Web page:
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Suggest replacing "proceeds" with "starts" in the definition. Bootstraps of all kinds do indeed use outside resources, once they get going. It's the starting point of self-sufficiency that is the key insight, and also ties in all the metaphors and applications.
adding more color: Every self-sustaining reaction brings about external resources to bear. For example, a bootstrap startup (my area), requires first a founder, then 2, then an idea, then customers, then an organization. The reason the process is self-sustaining is precisely because it brings in external elements in the right sequence!
If you look at the creation myths (pulling by hair or bootstraps), it's all about realizing you already have all the available resources at hand and do not need anything external (like funding in startups) to get going. Self-starting with only existing resources on hand is the key insight. In fact, where the metaphor is weak is in addressing the ongoing process. Bootstrap entrepreneurs are constantly having to add and curate new elements to help their ventures proceed to the next level. The following bootstrap map will help illustrate. — Preceding unsigned comment added by Bgoswami (talk • contribs) 21:45, 14 April 2011 (UTC)
Bootstrapping is not about cowboy boots
Bootstrapping is primarily about the data re-sampling and randomization (statistics), but it is not about the store "Allens Boots -- Cowboy Boots in Texas" as it is right now with link covered by metaphors. — Preceding unsigned comment added by NewBridge11 (talk • contribs) 00:06, 1 October 2012 (UTC) I just found the subpage "Resampling(statistics) -- I am afraid that the busy reader will jump to the end and miss the middle due to the excessive length of article. NewBridge11 (talk) 00:34, 1 October 2012 (UTC)
- True, bootstrapping is not about leather boots, and ball bearings are not footballs (not even in shape), but there is a clear etymology and metaphorical connection. That is how languages evolve. When a new concept is invented such as the computer bootstrap load concept in the 1950s, and they needed to give it a name, the word bootstrap had already evolved through several intermediary concepts from the leather bootstrap on cowboy boots to mean a series of self-sustaining processes that proceed without external help. The 17 subsections in the "Applications" section illustrate how compelling the general concept has been. This article is not excessively long and consists of a short paragraph for each word sense, which makes it much more easy to understand than a short disambiguation page. Greensburger (talk) 03:28, 1 October 2012 (UTC)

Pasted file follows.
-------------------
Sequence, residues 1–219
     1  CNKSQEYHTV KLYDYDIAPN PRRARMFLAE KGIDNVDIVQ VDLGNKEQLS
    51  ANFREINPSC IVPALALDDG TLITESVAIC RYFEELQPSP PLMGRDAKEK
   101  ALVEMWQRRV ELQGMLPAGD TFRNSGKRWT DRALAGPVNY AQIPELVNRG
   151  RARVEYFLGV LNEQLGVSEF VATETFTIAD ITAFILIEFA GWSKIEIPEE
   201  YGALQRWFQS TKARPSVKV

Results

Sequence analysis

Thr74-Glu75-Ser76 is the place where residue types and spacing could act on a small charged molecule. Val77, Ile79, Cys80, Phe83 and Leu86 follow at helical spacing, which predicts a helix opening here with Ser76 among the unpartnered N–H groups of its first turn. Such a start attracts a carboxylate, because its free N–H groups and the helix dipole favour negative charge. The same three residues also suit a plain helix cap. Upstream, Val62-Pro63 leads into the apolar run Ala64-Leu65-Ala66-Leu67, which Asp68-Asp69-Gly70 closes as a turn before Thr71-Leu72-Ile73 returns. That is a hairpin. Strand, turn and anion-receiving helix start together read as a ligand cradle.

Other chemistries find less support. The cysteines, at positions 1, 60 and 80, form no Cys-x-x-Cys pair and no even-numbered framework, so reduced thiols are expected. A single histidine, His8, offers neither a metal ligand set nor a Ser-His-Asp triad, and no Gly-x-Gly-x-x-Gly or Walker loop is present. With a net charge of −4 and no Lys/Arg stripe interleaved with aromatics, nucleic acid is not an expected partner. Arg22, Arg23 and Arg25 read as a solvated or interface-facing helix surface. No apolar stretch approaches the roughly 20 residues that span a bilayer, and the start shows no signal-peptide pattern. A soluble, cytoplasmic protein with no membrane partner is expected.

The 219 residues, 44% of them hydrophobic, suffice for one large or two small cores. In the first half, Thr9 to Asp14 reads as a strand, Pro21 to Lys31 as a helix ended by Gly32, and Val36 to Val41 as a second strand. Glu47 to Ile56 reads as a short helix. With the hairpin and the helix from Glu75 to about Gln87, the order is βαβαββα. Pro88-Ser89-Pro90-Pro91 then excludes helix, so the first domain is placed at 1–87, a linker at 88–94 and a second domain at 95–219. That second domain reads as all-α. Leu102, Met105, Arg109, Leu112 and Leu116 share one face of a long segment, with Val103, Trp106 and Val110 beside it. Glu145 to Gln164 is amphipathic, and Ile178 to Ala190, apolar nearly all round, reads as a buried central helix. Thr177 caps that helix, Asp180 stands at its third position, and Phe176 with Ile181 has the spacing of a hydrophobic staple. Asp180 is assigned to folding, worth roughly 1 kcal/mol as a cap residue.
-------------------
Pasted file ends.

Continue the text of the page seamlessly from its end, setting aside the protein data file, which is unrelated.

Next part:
No source cited in this section about bootstrapping as a term that describes a database search technique. I've never heard that term used in that way and haven't located a source to confirm. Any objections to deleting it? Cseanburns (talk) 21:36, 15 January 2014 (UTC)
- This section was added 29 February 2012 by an editor who wasn't sure what main topic to link to (those are their only two article edits). I added a link to Information retrieval as my best take on what the main topic should be. The overview section says "The process may then be iterated if the user wishes to refine the query." I agree that it may be a stretch to call iterating or refining a search query "bootstrapping". Bootstrapping implies a small nudge to jump-start a more sophisticated process. Whereas many search query "processes" are already done before they even get started—the "bootstrapping" search finds what the user was looking for and ends the process before the first iteration. I agree that this section could be deleted. - Wbm1058 (talk) 23:11, 15 January 2014 (UTC)
Sources for "media bootstrapping"
http://archive.boston.com/bostonglobe/ideas/theword/2009/01/bootstraps_and.html 126.96.36.199 (talk) 23:09, 14 August 2017 (UTC)!